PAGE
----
The first weekend of Coachella came to a close Sunday night with what appeared to be a live rendition of the latest volume of Now That’s What I Call Music! With Calvin Harris as the closing-night headliner, the festival has proudly made the full cosmetic transformation from music and arts celebration to a twenty-something version of My Super Sweet Sixteen.
Now, that’s not to say there weren’t some fine moments out in the “desert” of Indio, California. The full weekend brought passionate performances from notable acts like LCD Soundsystem, Sia, and The Kills, while fans were also treated to rising talent in the form of Gallant, Kamasi Washington, Anderson Paak, and Bob Moses. But it was the head-scratching decision to close out the weekend with a notoriously bland EDM artist that epitomizes the fest’s steadfast commitment to pandering to the simplest of its flower crown flock.
Over the course of its 17 years, Coachella has presented its devoted attendees to closing performances by artists such as Beck, The Cure, Rage Against the Machine, Radiohead, and Kanye West. Harris’s performance marks the first time a person holding their hands a few inches above a keyboard and decks—or what we now refer to as a “DJ”—was given the honor, thus placing him among the ranks of the top artists in music.
Calvin Harris is not that. The 32-year-old is may have ranked No. 1 on Forbes’ “The World’s Highest-Paid DJs” list last year by earning over $66 million, and has had his profile considerably raised by dating one of the most popular musicians in the land in Taylor Swift, but he’s not much of a live performer (if you call turning the occasional knob and waving your hands “performing”).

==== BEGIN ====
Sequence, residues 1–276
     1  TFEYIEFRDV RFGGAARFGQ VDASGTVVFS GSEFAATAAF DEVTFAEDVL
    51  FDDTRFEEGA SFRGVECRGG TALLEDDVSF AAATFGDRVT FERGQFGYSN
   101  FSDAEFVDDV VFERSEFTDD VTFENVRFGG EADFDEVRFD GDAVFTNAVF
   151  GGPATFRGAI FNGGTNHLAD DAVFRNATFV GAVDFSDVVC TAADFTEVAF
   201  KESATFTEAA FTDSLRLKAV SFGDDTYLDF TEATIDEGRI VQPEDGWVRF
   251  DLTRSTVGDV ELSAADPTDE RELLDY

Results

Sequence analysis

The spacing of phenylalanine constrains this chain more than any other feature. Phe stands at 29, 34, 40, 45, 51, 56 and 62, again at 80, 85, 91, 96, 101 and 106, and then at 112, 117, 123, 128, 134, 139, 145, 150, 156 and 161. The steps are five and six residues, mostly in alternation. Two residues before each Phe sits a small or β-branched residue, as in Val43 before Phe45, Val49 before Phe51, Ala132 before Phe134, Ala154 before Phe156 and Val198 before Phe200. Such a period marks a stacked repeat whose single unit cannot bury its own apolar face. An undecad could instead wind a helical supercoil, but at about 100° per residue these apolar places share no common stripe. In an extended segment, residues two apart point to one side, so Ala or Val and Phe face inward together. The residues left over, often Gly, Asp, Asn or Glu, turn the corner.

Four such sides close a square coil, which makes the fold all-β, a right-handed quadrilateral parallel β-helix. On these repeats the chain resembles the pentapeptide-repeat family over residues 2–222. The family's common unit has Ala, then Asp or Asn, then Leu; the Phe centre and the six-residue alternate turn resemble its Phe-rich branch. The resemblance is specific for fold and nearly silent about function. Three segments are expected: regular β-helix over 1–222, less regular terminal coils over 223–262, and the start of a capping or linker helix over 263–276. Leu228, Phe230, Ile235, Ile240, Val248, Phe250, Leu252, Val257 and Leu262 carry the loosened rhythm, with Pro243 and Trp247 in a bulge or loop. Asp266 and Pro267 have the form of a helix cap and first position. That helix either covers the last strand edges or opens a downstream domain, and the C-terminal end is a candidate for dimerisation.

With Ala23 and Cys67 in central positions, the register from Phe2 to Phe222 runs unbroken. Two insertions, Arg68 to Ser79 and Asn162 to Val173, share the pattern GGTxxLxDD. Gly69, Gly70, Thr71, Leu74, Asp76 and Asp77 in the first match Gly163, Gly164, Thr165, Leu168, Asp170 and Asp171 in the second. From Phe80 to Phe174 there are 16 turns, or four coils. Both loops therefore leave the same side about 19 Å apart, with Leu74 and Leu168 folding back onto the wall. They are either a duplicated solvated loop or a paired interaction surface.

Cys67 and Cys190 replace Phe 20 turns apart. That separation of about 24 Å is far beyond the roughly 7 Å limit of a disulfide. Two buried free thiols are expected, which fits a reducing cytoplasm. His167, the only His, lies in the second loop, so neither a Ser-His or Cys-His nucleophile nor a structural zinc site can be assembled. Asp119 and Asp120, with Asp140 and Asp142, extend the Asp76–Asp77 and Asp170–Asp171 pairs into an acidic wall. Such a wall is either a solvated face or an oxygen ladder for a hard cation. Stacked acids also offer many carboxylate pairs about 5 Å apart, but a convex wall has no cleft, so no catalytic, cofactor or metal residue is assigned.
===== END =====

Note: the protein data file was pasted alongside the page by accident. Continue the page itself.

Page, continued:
The 90-minute set consisted of nothing more than a collection of tried-and-true crowd-pleasing hits—made popular by other musicians, mind you—and the quintessential representation of “playing it safe.” There was his collaborative track with Florence and the Machine, “Sweet Nothing,” as well as a remix of Major Lazer’s hit single “Lean On”—even though the actual DJ duo had performed it with singer Mø and DJ Snake just a couple hours earlier.There were samples galore, really. The chorus to Adele’s “Hello,” Drake and Future’s “Jumpman,” the Yeah Yeah Yeahs’ “Heads Will Roll,” and even Daft Punk’s “One More Time.” We’ve all heard this playlist before, whether at the local bar or the gym mix you painstakingly crafted, which raises the question of how anyone can make millions from reappropriating actual artists’ music for massive crowds. In between the chart-topping hits, Harris did manage to squeeze in a few of his own—“Summer” and “Feel So Close.”
Per customary Coachella tradition, an A-list cameo—in the form of the inimitable Rihanna—joined the stage to help perform their 2013 Grammy Award-winning track “We Found Love” (she belted out the notes, he pressed play). Kanye West protégé Big Sean also made an appearance for ”Open Wide” and “I Don’t Fuck with You.” And again, not to belabor the point, but it’s truly strange when the most interesting parts of your show consist of you blasting other people’s music, and hosting other performers onstage to perform. Nevertheless, Swift seemed to have a blast at her beau’s dance party, Instagramming a video of RiRi with the caption: “I’ll NEVER forget this moment.”
Although Harris’s grandiose laser light show was a sight to behold, with passes starting at $399, fans have come to expect something better than that which can easily be replicated on a Rihanna Pandora station. It’s frankly demoralizing to have such a basic performance serve as the curtain-closer to a weekend filled with artists striving for originality and exploring new sounds.
We deserve better than this.